This study used Na2S2O8, NaBrO8 and H2O2 to degrade sulfadiazine (SDZ), sulfamethizole (SFZ), sulfamethoxazole (SMX) and sulfathiazole (STZ) under ultraviolet (UV) irradiation. The initial concentration of sulfonamide and oxidant in all experiments was 20 mg/L and 5 mM, respectively. The degradation rate for sulfonamides satisfies pseudo-first-order kinetics in all UV/oxidant systems. The highest degradation rate for SDZ, SFZ, SMX and STZ was in the UV/Na2S2O8, UV/NaBrO3, UV/Na2S2O8 and UV/H2O2 system, respectively. In the UV/Na2S2O8 system, the photodegradation rate of SDZ, SFZ, SMX and STZ was 0.0245 min−1, 0.0096 min−1, 0.0283 min−1 and 0.0141 min−1, respectively; moreover, for the total organic carbon removal rate for SDZ, SFZ, SMX and STZ it was 0.0057 min−1, 0.0081 min−1, 0.0130 min−1 and 0.0106 min−1, respectively. Experimental results indicate that the ability of oxidants to degrade sulfonamide varied with pollutant type. Moreover, UV/Na2S2O8 had the highest mineralization rate for all tested sulfonamides.

INTRODUCTION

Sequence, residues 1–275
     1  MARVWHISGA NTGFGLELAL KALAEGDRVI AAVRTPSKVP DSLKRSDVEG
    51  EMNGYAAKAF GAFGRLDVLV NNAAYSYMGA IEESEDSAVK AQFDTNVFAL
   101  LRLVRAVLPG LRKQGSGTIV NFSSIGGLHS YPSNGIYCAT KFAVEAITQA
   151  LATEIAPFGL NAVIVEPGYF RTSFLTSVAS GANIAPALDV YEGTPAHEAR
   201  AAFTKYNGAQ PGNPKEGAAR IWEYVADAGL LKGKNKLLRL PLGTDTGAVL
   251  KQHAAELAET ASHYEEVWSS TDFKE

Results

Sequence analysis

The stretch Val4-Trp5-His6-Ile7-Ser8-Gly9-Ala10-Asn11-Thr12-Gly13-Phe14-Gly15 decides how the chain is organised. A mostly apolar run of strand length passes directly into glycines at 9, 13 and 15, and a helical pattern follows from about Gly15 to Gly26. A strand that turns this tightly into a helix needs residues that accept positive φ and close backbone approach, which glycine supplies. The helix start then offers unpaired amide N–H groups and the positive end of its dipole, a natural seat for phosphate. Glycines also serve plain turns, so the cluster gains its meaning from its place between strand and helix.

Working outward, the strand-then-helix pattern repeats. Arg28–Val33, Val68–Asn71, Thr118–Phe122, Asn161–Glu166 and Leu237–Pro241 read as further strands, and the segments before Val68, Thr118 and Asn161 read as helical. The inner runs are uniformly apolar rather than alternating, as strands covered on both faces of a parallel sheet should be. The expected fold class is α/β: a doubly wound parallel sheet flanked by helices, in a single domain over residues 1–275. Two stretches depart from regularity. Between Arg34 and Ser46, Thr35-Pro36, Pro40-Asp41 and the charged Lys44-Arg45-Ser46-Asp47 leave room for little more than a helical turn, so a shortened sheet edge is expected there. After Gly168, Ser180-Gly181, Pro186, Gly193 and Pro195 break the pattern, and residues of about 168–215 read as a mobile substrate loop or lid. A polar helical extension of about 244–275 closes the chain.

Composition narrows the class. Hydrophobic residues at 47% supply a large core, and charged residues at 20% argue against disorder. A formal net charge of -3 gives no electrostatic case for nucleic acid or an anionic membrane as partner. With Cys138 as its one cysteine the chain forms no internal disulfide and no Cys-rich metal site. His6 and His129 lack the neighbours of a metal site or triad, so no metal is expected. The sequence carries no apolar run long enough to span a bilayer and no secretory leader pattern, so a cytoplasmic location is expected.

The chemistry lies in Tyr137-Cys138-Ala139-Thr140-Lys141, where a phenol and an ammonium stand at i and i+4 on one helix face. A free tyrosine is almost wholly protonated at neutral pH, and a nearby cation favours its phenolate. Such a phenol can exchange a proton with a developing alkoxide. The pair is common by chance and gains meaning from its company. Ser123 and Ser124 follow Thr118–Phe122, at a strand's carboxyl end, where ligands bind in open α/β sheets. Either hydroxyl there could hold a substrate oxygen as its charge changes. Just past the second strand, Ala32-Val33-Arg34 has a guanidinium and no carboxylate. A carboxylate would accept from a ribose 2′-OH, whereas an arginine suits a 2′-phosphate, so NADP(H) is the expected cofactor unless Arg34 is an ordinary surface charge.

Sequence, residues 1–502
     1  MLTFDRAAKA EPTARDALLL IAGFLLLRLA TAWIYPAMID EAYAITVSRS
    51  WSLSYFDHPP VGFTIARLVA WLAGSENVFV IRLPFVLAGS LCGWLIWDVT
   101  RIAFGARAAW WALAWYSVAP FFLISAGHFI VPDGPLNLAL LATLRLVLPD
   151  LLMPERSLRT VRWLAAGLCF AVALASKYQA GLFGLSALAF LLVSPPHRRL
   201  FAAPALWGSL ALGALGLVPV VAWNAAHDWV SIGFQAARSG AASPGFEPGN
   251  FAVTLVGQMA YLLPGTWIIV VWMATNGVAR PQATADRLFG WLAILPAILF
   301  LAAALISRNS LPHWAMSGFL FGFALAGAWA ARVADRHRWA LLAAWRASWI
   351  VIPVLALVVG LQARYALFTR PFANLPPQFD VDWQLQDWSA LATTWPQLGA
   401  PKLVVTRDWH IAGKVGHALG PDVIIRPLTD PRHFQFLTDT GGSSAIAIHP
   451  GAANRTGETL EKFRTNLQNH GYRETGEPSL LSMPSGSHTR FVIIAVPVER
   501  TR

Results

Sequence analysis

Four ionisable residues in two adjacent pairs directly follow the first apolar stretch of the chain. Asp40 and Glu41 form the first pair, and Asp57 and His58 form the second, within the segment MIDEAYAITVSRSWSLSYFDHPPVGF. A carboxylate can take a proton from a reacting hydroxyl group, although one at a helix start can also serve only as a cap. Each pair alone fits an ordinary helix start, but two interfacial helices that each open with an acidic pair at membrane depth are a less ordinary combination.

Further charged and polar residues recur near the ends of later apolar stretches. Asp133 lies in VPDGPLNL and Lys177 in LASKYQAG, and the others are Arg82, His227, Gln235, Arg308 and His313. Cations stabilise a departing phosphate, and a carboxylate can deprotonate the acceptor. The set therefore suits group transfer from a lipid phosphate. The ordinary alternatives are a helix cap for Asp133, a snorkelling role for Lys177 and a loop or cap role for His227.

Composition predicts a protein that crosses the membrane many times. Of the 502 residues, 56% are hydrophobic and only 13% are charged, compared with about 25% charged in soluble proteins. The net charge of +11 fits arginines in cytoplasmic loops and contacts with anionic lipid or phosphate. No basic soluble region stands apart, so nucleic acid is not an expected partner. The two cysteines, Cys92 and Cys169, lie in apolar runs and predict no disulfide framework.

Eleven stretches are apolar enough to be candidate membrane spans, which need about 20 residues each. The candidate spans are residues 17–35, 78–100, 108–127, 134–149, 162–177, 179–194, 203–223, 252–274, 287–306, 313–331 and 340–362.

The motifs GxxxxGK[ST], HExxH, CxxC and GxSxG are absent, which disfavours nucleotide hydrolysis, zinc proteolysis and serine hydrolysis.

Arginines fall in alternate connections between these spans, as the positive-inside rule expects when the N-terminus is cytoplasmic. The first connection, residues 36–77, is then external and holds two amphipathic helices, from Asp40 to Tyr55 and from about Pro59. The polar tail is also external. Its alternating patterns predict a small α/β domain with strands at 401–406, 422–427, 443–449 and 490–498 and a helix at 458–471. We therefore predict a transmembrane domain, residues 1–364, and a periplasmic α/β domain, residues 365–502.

Antibiotics have been detected worldwide in environmental matrices, due to the excessive amounts used by humans and administered to animals, indicating that their removal from water and wastewater using conventional methods is ineffective. The wide distribution of antibiotics has received increased attention due to their potential risk to aquatic ecosystems and human health. In tropical Asian waters, the most abundant antibiotic was sulfamethoxazole (SMX), followed by lincomycin and sulfathiazole (STZ) (Shimizu et al. 2013). Sulfonamide is one of the largest classes of antibiotics used worldwide. Eight common sulfonamides are currently used: sulfamethizole (SFZ), SMX, sulfadiazine (SDZ), sulfacetamide, sulfadoxine, sulfanilamide, sulfasalazine and sulfisoxazole (Garoma et al. 2010). An effective method to remove these antibiotics from wastewater is needed. Hence, SDZ, SFZ, SMX and STZ were the target compounds in this study.